It would have been wrong of me to let my time with NBC Sports Northwest conclude without one final Overreaction Monday.
This has been my favorite series because it allows me to, a) interact with fans on social media and, b) get an idea of the pulse of the fanbase. It’s valuable to know which topics spark optimism and the others that draw pessimism out of the 12s.
The takes this week are mostly rosy and hopeful, as they should be with Seahawks camp set to open in just a few days. Even so, I had to pump the breaks on a few of the hype trains that I’m not ready to board just yet.
Thank you to everyone who has ever participated in this series. It quite literally wouldn’t exist without you.
Let’s dive in.
I really like these two takes and wanted to include both. Seattle has been in this “good but not great” abyss since the back-to-back Super Bowl runs in 2013 and 2014, winning just three playoff games over the last six seasons. There is immense pressure on the Seahawks this season, and I think they have a group of players and coaches capable of thriving under that scrutiny.
But injuries happen. And heartbreaking losses are possible amid a grueling 17-game schedule that includes a loaded divisional slate and a number of other standout opponents. Nothing about this is scientific, of course, but I agree with these sentiments that things will fall in either direction of the stalemate they’ve fallen into.
It’s worth noting that my anticipation is for Seattle to be successful in 2021. That’s largely due to my faith in Shane Waldron being the perfect man to lead the Seahawks offense. More on him in a second.
I agree with this take and included it because it’s my belief that the status quo wouldn’t be good enough to keep Russell Wilson around in 2022. I’ve said and written that take on many occasions, and I’m happy to double down one final time on Overreaction Monday.
Wilson was the leader in the clubhouse for the MVP award through the first half of the 2021 season prior to completely falling off the rails in the second half. Waldron’s ability to establish a quick and efficient short passing game while orchestrating a diverse and multiple rushing attack would go a long way in aiding his future Hall of Fame quarterback. In addition, Waldron’s ingenuity should benefit DK Metcalf and Tyler Lockett.
Seattle’s offense should have no problem being a top 10 unit given the bevvy of talent on the roster. It honestly should be a top five group barring significant injuries. That puts pressure on Waldron to validate himself as a worthy NFL offensive coordinator.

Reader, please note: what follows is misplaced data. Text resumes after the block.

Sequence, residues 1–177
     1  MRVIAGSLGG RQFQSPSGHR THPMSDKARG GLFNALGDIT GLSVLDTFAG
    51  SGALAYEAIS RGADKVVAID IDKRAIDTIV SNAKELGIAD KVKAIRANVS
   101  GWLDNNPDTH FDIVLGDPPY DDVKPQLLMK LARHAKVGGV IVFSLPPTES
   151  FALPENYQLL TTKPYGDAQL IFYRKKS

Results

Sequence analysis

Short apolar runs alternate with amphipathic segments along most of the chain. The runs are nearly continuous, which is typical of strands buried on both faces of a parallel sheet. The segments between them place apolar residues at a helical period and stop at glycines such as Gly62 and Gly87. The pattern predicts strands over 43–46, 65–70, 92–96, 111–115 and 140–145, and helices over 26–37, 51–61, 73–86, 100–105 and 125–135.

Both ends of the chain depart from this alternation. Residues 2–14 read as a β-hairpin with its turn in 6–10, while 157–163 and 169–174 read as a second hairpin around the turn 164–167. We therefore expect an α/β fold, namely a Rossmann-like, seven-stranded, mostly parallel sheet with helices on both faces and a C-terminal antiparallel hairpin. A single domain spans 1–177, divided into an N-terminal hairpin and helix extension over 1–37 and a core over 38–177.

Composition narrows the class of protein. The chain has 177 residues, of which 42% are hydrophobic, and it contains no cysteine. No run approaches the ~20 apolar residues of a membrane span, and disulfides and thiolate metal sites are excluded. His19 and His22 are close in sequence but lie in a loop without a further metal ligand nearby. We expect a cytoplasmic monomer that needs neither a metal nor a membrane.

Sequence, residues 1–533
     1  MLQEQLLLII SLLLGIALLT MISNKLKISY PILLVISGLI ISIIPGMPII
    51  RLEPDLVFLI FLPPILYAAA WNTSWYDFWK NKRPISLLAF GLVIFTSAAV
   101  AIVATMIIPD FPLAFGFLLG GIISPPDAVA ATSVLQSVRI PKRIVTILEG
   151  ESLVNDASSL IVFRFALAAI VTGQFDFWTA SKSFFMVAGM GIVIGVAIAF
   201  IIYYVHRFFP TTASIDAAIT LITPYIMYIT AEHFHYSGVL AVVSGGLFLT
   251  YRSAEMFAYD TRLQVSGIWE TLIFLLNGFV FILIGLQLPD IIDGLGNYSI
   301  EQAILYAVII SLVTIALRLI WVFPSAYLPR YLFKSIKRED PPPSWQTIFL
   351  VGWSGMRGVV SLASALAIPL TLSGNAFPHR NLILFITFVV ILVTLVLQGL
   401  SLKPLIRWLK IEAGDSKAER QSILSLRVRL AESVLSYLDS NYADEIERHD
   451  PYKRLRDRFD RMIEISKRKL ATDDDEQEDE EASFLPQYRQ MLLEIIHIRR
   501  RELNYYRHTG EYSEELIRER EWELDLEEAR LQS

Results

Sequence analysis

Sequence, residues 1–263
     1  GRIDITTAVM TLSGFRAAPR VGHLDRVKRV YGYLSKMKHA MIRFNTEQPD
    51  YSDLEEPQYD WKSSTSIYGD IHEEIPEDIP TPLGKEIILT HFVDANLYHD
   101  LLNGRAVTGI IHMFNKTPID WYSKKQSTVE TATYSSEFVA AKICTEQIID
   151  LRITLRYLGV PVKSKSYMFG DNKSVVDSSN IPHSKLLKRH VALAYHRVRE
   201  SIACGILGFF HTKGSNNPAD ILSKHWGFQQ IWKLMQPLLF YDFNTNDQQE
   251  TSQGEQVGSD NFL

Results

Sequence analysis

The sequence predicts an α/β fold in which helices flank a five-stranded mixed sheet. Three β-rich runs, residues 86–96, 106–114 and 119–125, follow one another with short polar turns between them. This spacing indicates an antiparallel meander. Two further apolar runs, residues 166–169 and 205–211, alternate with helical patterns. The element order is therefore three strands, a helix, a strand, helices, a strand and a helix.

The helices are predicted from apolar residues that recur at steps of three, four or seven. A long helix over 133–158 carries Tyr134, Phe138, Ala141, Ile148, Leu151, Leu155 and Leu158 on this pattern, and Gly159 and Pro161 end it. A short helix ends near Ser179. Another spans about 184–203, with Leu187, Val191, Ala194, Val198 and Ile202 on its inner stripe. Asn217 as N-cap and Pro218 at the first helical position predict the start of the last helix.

But it also puts pressure on Wilson to put it all together consistently for 17 games. Wilson, for all his frustrations with the organization, knows he must be better in 2021. That means a flourishing relationship between OC and QB is crucial for both parties.
I’m going to continue the optimism before bursting a few bubbles momentarily. I’m a believer in Jordyn Brooks, and despite Patrick Queen’s impressive production as a rookie, it wasn’t anything that’s unattainable for Brooks.
Queen had a fine rookie season, but a few splash plays overshadow the advanced metrics that illustrate a much more mediocre campaign. Seattle passed on Queen in favor of Brooks in the 2020 NFL Draft. Brooks will have the chance to prove them right this year.
I’d put my money on Alex Collins being the Seahawks RB2 this season behind Chris Carson. Banking on Rashaad Penny to remain healthy and recapture the burst he had in that brief two-game stretch prior to his 2019 ACL tear is a risky proposition.
My guess is that Penny still makes the roster given he’s a former first-round pick, and Seattle won’t cast him aside until the organization is absolutely sure it’s time to move on.
I just don’t see this. The Seahawks having a top 10 defense would mean getting the best-case scenario out of wild cards like Darrell Taylor, Marquise Blair, Jordyn Brooks and Ahkello Witherspoon while also avoiding major injuries to other centerpieces. Being in the top half of the league is more attainable in my opinion, and that should be good enough given how potent I expect the offense to be.
To put a bow on this take: I’m a big-time believer in Alton Robinson after his 4.0-sack rookie campaign, but my feelings on Rasheem Green are similar to my thoughts on Rashaad Penny. Green had every opportunity to be a difference-maker on a talent-depleted defensive line in 2020, and he failed to beat out L.J. Collier for a starting job.
There’s far too much depth on this year’s group to expect big things out of Green this year. Making the roster may even prove to be a challenge depending on who steps up in camp.
I fully expect Ahkello Witherspoon and D.J. Reed Jr. to start at corner to open the season. Brown may supplant Witherspoon at some point this season, though.
There are snaps to be earned at nose tackle, especially if Seattle gives Poona Ford some extra run at 3-tech. Bryan Mone and Al Woods will be Cedric Lattimore’s top competition for gameday reps. There’s no reason why he can’t carve himself out a role this season, especially given he showed well when given a chance to play last season.
Whew boy this is some buy in the sky stuff right here. John Schneider and Pete Carroll would be running deserved victory laps around the VMAC if this were to occur. Let’s make this very clear: I’m pulling for Darrell Taylor to prove Seattle’s front office right, I’m just not banking on him doing so immediately.
Let’s see if he can remain healthy during camp and win the starting SAM job first.